The ultimate Mesa Card Guide for LinuxCNC

7i97T Mesa Card

Anyone who has studied LinuxCNC will have come across the term "mesa cards". But what are these cards actually and why are they so suitable for self-building or retrofitting a CNC machine?

What are mesa cards used for?

In short, Mesa cards are the link between the PC on which the control for the CNC machine runs and the electronics of the machine, i.e. motor drivers, encoders, buttons, lamps, etc. Mesa Electronics is a company from California that manufactures these boards, hence the name.

The cards communicate with the main computer using Ethernet or the PCI port. The interface sends and receives data to and from the card. There is a whole range of different cards that can be used, for example, to switch digital and analog inputs and outputs, control motor drivers or read position sensors (encoders).

A special feature of these cards is the built-in FPGA chip. FPGA stands for "Field Programmable Gate Array", which means "integrated circuit". This FPGA is able to carry out additional calculations at high speed, for which the control PC may be too slow. One example of this is the generation of steps for motor drivers. In combination with LinuxCNC, real-time capability can be realized, resulting in a very reliable machine control at an industrial level. However, this FPGA is also the reason for the relatively expensive prices of the Mesa cards.

If multiple cards are combined, it is important that there is a "main card" with an integrated FPGA chip. This is the card that communicates directly with the PC. The other cards in the combination, also called "daughter cards", do not require an FPGA.

How do you combine Mesa cards?

Finding the right combination for your machine can seem overwhelming with so many to choose from. However, if you follow a few steps, you will quickly find the perfect combination of cards. Alternatively, you can also use our Mesa Card Combination Tool.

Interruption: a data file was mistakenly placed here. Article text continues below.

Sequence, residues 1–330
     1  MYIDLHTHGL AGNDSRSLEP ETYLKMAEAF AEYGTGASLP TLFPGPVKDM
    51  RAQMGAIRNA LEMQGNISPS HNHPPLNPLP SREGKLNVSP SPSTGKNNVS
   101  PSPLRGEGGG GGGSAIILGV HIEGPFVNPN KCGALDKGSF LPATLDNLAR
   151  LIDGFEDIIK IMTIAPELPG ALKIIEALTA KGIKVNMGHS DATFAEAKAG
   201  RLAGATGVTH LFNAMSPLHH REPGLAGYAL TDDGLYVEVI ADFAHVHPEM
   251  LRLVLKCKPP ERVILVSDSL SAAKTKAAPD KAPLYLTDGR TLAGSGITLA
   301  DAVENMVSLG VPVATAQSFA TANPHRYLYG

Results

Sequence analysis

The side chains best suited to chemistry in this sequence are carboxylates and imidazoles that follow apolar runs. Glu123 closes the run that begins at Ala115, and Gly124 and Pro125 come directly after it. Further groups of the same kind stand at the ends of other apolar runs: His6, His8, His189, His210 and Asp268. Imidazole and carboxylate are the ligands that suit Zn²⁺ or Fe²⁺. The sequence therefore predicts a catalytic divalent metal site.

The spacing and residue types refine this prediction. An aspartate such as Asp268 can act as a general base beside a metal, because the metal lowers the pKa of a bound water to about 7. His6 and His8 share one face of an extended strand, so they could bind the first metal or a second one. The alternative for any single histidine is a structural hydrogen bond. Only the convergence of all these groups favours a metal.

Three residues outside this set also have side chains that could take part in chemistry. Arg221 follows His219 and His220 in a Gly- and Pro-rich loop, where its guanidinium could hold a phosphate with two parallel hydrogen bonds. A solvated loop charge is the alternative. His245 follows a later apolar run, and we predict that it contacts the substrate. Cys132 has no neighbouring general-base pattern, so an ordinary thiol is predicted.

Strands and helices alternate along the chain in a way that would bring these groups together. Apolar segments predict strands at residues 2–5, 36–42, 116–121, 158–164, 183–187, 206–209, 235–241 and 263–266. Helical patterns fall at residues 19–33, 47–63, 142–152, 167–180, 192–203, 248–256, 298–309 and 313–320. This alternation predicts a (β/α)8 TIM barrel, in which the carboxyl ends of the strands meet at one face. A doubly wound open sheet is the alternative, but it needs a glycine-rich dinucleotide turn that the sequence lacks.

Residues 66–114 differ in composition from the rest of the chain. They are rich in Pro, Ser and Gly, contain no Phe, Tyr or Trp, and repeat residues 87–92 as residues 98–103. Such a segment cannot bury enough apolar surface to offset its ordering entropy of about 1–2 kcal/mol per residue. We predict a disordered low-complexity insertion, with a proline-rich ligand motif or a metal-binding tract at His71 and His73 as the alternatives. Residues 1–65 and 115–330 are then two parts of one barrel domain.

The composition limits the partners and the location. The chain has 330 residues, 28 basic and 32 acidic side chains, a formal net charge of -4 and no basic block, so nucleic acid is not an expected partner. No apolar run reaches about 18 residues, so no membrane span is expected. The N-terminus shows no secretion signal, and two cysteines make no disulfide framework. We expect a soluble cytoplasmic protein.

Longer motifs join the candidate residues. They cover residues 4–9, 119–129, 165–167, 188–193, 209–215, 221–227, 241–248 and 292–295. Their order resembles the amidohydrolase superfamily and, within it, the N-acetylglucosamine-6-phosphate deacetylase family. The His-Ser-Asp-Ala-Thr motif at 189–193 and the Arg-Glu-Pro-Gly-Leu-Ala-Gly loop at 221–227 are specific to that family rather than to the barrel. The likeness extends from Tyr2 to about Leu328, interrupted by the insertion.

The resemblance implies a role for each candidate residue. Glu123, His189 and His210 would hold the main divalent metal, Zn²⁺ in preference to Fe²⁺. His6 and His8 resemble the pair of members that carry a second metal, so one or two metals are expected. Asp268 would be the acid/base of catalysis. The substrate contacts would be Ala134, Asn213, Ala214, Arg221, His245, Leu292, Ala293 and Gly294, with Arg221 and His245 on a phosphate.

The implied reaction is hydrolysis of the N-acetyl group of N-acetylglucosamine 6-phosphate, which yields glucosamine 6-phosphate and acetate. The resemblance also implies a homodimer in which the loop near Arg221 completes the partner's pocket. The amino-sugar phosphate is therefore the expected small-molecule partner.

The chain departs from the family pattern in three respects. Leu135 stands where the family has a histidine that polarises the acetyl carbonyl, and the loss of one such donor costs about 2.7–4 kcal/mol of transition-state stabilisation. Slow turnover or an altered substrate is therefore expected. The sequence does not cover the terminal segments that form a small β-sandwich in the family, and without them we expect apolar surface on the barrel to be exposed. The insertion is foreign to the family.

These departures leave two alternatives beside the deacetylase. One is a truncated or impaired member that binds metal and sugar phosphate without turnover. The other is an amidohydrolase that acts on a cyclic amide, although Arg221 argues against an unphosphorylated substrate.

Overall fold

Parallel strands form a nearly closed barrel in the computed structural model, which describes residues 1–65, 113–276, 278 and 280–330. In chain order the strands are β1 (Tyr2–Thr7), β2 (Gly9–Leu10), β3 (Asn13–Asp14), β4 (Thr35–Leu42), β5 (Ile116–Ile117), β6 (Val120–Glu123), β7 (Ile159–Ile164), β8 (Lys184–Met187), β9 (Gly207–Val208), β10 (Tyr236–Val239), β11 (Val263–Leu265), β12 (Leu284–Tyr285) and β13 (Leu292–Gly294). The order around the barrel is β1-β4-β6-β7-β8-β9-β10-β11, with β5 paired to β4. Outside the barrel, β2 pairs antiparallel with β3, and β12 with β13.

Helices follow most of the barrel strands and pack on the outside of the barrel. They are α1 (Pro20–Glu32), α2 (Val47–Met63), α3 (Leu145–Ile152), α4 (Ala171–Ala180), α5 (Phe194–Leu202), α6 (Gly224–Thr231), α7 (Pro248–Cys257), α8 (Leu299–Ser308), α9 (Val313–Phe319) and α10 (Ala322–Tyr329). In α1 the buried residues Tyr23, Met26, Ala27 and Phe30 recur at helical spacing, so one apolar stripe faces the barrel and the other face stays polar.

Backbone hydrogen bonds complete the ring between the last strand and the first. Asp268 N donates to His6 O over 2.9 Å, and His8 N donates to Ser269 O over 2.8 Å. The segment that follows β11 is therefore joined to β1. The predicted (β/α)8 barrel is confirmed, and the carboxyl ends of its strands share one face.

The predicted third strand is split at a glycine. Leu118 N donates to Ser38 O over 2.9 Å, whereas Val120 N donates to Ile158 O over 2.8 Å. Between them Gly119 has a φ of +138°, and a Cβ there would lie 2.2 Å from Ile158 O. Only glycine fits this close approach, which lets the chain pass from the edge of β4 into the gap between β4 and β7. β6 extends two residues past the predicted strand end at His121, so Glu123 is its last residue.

Required inputs and outputs

First of all, you should think about which inputs and outputs are required to cover all the functions of the machine. The most important outputs are probably those for controlling the axis drivers. This varies from driver to driver, but the most common are step/direction and analog +/-10V. There is a suitable Mesa card for both. There are also cards with digital and analog inputs and outputs, inputs for position encoders, handwheels and much more. The table below provides an overview.

PC interface

The most important decision is the connection from the card to the PC. Mesa offers 3 options for this:

1. Ethernet

The most common way is the connection via Ethernet. All you need is a free Ethernet port on the control computer. The card is then connected there via a single Ethernet cable. It is important to note that a direct connection is required. This means that no Ethernet switch or similar can be used. This also means that this Ethernet port can no longer be used for the Internet connection, so either another port or a USB adapter is required for this purpose.

2. PCI port

For a long time, the PCI port was the only way to control a machine with LinuxCNC. However, fewer and fewer PCs have such a port, which is why this connection option is being pushed further and further into the background. The Mesa card is plugged directly into the PCI port of the PC and in some cases even better transfer rates can be achieved than with Ethernet, although these are rarely necessary in practice.